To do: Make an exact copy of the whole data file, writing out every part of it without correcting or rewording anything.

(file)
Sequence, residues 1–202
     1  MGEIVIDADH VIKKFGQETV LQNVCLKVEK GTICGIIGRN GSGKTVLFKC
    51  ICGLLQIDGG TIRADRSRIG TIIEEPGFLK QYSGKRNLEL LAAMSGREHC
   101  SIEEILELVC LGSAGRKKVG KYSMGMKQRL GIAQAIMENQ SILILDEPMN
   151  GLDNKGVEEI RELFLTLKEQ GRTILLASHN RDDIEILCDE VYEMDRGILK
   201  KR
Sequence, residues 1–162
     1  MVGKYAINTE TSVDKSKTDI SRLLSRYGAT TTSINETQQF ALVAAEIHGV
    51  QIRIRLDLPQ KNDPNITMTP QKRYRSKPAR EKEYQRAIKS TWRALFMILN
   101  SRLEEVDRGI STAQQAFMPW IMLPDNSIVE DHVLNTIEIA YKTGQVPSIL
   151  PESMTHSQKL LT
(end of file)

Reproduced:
Sequence, residues 1–202
     1  MGEIVIDADH VIKKFGQETV LQNVCLKVEK GTICGIIGRN GSGKTVLFKC
    51  ICGLLQIDGG TIRADRSRIG TIIEEPGFLK QYSGKRNLEL LAAMSGREHC
   101  SIEEILELVC LGSAGRKKVG KYSMGMKQRL GIAQAIMENQ SILILDEPMN
   151  GLDNKGVEEI RELFLTLKEQ GRTILLASHN RDDIEILCDE VYEMDRGILK
   201  KR
Sequence, residues 1–162
     1  MVGKYAINTE TSVDKSKTDI SRLLSRYGAT TTSINETQQF ALVAAEIHGV
    51  QIRIRLDLPQ KNDPNITMTP QKRYRSKPAR EKEYQRAIKS TWRALFMILN
   101  SRLEEVDRGI STAQQAFMPW IMLPDNSIVE DHVLNTIEIA YKTGQVPSIL
   151  PESMTHSQKL LT